Bell Labs mass produces transistors, professional amplifiers and suppliers.
PLF 2 was developed by James Tenney. This computer program was used to write Four
Stochastic Studies, Ergodos and others.
Iannis Xenakis composed Bohor for eight tracks of sound.
Milton Babbitt composed Ensembles for Synthesizer (1962-64) at the Columbia-
Princeton Studio.
At the University of Illinois, Kenneth Gaburo composed Antiphony III, for chorus and
Lejaren Hiller and Robert Baker composed the Computer Cantata.
Babbitt composed Philomel at the Columbia-Princeton Studio. The story is about
Philomel, a woman without a tongue, who is transformed into a nightingale (based on a
story by Ovid).
Mario Davidovsky composed Synchronism I for flute and tape. Davidovsky has since
written many "synchronism" pieces. These works are all written for live instrument(s)
and tape. They explore the synchronizing of events between the live and tape.

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Electronic and Computer Music History of Electronic Music
The fully developed Moog was released. The modular idea came from the miniaturization
of electronics.
Gottfried Michael Koenig used PR-1 (Project 1), a computer program that was written in
Fortran and implemented on an IBM 7090 computer. The purpose of the program was to
provide data to calculate structure in musical composition; written to perform algorithmic
serial operations on incoming data. The second version of PR-1 completed, 1965.
Karlheinz Stockhausen composed Mikrophonie I, a piece that required six musicians to
generate. Two performers play a large tam-tam, while two others move microphones
around the instrument to pick up different timbres, and the final two performers are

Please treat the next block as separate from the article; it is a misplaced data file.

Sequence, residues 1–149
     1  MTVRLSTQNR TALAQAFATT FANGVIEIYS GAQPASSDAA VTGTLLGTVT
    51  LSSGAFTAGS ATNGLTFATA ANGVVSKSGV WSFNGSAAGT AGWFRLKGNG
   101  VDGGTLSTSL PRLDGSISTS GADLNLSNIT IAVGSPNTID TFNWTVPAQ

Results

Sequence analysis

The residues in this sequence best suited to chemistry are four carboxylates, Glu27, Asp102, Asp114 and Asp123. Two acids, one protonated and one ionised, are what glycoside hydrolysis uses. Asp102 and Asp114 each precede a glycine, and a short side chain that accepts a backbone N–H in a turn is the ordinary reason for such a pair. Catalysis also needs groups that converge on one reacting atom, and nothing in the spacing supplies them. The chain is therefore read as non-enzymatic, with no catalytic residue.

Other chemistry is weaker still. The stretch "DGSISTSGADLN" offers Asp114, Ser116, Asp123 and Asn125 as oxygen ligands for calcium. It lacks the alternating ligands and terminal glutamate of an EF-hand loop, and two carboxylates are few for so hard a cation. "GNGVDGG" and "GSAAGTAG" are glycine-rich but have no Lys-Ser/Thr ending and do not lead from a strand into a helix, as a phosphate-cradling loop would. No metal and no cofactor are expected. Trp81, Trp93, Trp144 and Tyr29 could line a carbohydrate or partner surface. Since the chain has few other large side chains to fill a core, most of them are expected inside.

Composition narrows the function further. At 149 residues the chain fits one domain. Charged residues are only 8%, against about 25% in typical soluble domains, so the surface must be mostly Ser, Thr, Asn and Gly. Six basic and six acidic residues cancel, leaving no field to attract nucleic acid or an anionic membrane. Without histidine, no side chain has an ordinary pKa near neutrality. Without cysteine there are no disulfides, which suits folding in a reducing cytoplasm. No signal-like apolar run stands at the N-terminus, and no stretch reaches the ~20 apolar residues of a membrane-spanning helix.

controlling electronic processing.
Ilhan Mimaroglu, a Turkish-American composer, wrote Bowery Bum. This is a concrete
composition, and used rubber band as single source. It was based on a painting by
Karlheinz Stockhausen composed Solo. The composition used a tape recorder with
moveable heads to redefine variations in delay between recording and playback, live
manipulation during performance.
The Moog Quartet offered world-wide concerts of (mainly) parlor music.
Walter Carlos (later Wendy) composed Switched on Bach using a Moog synthesizer.
Iannis Xenakis wrote Musiques Formelles (Formalized Music). The first discussion of
granular synthesis and the clouds and grains of sound is presented in this book.
Leon Kirschner composed String Quartet No. 3, the first piece with electronics to win the
Pulitzer Prize.
Kenneth Gaburo composed Antiphony IV, a work for trombone, piccolo, choir and tape.

Morton Subotnick composed Silver Apples of the Moon (title from Yeats), the first
work commissioned specifically for the recorded medium.
The Grateful Dead released Anthem of the Sun and Frank Zappa and the Mothers of
Invention released Uncle Meat. Both albums made extensive use of electronic
Lejaren Hiller and John Cage composed HPSCHD.
Terry Riley composed Rainbow in Curved Air
late 1960s
The Sal-Mar Construction was built. The instrument was named for composer Salvatore
Martirano and designed by him. The Sal-Mar Construction weighed over fifteen hundred
pounds and consisted of "analog circuits controlled by internal digital circuits controlled
by the composer/performer via a touch-control keyboard with 291 touch-sensitive keys."

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Electronic and Computer Music History of Electronic Music
Godfrey Winham and Hubert Howe adapted MUSIC IV for the IBM 7094 as MUSIC4B
was written in assembly language; MUSIC4BF (a Fortran-language adaptation of
MUSIC4B, one version was written by Winham, another was written by Howe).
Music V variants include MUSIC360 and MUSIC11 for the IBM360 and the PDP11
computers, these were written by Barry Vercoe, Roger Hale, and Carl Howe at MIT,
GROOVE was developed by Mathews and F. Richard Moore at Bell Labs, and was used